What characteristics can I look for which could be reliable early warning signs that a DC motor on my robot, say one used for the drive, could be failing? I'm looking for an answer that deals in terms of sensors rather than manual inspection, so a circuit could be constructed to warn of a potential failure before it happens.

I have a few ideas such as an increase in current draw or decrease in rotation speed / voltage, but I want to guard against false warnings caused by reasonable wear and tear, or just the robot struggling on tough terrain.

Obviously such a system will never be foolproof, but are there any points I can look out for?


2 Answers 2


There are two key things to look for from a control system point of view. The first is the root mean square of the torque applied and the second is the following error on moves.

Root mean square (RMS) torque

As motors degrade over time, they require more torque to be applied for the same acceleration, so if you have tuned your PID loop for a new, low loss motor then as it ages, and the losses increase, the motor will drift out of tune. At some point the motor will become worn enough that you will be unable to tune the PID parameters to give you the performance you need. Before this happens though you may already have started tripping a torque limit in your motion controller (it may not allow 100% toque for more than a given number of ms for instance).

The problem with just looking at torque though, is that it can be difficult to keep track of. Looking at the max value will tell you nothing because many situations can cause 100% torque for short periods, especially with an aggressively tuned PID controller.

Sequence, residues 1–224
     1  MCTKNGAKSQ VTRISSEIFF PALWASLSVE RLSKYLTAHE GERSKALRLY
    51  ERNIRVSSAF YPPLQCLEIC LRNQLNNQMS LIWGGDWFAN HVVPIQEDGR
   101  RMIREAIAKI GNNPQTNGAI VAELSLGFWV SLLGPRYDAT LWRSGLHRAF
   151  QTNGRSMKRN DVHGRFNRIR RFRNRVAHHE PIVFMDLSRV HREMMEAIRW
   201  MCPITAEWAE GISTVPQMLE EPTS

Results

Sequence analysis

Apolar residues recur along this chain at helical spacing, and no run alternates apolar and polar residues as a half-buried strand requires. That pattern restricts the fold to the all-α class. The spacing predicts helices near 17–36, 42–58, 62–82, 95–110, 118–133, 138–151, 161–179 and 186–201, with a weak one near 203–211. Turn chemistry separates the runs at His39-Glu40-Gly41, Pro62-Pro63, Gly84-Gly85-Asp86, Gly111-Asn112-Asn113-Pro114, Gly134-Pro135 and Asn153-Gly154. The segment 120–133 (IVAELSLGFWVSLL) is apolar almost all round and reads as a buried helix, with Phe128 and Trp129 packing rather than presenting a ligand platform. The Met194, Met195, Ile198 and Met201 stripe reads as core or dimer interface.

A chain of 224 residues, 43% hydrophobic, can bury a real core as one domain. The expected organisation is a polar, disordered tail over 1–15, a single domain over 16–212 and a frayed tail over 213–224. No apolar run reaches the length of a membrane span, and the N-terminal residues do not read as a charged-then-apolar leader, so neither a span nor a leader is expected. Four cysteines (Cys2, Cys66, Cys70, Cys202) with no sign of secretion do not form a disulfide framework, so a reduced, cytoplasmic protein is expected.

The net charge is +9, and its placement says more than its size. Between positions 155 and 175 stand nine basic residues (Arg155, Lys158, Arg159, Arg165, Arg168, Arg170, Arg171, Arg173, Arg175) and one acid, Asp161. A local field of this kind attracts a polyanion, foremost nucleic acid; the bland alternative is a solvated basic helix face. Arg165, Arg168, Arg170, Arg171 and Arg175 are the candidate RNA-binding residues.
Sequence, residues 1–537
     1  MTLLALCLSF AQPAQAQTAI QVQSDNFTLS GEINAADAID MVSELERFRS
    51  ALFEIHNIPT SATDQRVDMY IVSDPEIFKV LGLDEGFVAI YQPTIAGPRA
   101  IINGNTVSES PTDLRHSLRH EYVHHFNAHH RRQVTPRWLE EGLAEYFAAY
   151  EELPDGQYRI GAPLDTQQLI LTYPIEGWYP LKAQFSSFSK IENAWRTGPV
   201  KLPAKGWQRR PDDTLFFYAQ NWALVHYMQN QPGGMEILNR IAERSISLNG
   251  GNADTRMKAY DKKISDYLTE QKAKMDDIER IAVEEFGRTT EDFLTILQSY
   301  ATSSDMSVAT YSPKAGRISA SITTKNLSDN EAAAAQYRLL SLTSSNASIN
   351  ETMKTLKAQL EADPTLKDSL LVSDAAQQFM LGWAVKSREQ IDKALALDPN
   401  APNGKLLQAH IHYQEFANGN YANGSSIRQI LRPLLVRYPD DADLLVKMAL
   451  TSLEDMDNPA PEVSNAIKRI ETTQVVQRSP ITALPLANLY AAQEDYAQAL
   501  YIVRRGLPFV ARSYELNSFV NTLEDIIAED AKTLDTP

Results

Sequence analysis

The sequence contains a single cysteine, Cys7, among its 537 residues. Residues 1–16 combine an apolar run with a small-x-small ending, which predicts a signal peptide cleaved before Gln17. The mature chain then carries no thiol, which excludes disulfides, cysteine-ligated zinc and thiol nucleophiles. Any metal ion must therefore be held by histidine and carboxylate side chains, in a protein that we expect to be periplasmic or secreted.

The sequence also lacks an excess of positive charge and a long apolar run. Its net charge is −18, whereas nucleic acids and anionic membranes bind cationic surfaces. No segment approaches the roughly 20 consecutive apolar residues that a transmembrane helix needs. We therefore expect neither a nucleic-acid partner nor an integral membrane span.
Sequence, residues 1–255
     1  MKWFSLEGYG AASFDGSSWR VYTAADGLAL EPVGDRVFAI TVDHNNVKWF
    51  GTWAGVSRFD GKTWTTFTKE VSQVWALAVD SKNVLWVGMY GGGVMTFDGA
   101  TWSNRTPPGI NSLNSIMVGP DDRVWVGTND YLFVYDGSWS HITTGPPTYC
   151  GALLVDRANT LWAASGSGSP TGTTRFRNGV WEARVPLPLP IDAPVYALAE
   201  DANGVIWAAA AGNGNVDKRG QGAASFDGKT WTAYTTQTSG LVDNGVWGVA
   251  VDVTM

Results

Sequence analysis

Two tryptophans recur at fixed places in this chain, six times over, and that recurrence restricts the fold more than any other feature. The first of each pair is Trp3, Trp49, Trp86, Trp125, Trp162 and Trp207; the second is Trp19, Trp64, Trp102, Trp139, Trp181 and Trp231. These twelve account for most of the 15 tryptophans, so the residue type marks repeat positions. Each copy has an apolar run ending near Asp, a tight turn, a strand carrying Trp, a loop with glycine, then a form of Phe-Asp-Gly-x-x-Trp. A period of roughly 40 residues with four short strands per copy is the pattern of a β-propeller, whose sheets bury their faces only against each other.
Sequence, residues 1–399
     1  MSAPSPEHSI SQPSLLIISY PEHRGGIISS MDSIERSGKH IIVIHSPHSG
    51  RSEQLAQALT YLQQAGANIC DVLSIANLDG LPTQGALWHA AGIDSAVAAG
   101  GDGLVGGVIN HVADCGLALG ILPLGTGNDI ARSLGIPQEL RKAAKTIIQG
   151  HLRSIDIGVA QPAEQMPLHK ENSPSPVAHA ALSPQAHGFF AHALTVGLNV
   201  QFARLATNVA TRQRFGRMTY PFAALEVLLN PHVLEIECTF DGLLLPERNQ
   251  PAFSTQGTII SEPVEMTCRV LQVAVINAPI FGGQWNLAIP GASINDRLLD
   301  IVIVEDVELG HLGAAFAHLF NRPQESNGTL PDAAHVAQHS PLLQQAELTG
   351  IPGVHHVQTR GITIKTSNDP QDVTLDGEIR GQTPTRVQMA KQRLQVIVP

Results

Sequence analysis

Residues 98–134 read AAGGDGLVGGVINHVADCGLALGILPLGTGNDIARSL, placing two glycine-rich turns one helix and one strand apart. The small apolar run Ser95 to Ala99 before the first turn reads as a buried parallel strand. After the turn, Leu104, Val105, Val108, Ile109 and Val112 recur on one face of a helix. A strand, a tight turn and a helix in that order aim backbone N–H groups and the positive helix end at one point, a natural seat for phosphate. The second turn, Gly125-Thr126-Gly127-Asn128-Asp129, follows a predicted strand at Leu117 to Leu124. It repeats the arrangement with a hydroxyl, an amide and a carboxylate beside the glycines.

As it is constantly changing, setting up monitoring could easily be too lenient (resulting in false negatives) or too strict (resulting in false positives). This is why you probably want something closer to an RMS of the torque which you monitor over a long period and look at the trends.

In a temperature controlled environment, motor temperature (as user65 suggests) is a pretty good approximation of RMS power usage over a long time constant. If ambient temperature isn't controlled though, this is more difficult, as different absolute temperatures will probably require different thresholds for temperature above ambient triggers for worn motors.

Following error

Another tool to look for failing motors is the maximum following error over a move. This is the maximum difference between where the motor was supposed to be and where it actually was at any point during the move. It is a single value for the whole move and is something that many motion controllers keep track of for their own use. In fact, many have soft limits on maximum following error and error if you exceed them.

Again, tripping a max follow error can just be an indication that you just need to retune your PID loop, but the frequency with which you need to retune your PID and the difficulty you have in achieving your desired performance can be valuable tools in determining when a motor is getting to the end of it's life.


Temperature is a very simple number to measure and is a good aggregation of all the other factors since a weakening motor will be driven harder.

Generally a motor that is about to fail will be significantly hotter than the rest of the motors.

  • $\begingroup$ If in a temperature controlled environment, motor temperature is a pretty good approximation of RMS power usage over a long time constant. $\endgroup$
    – Mark Booth
    Feb 9, 2017 at 16:28

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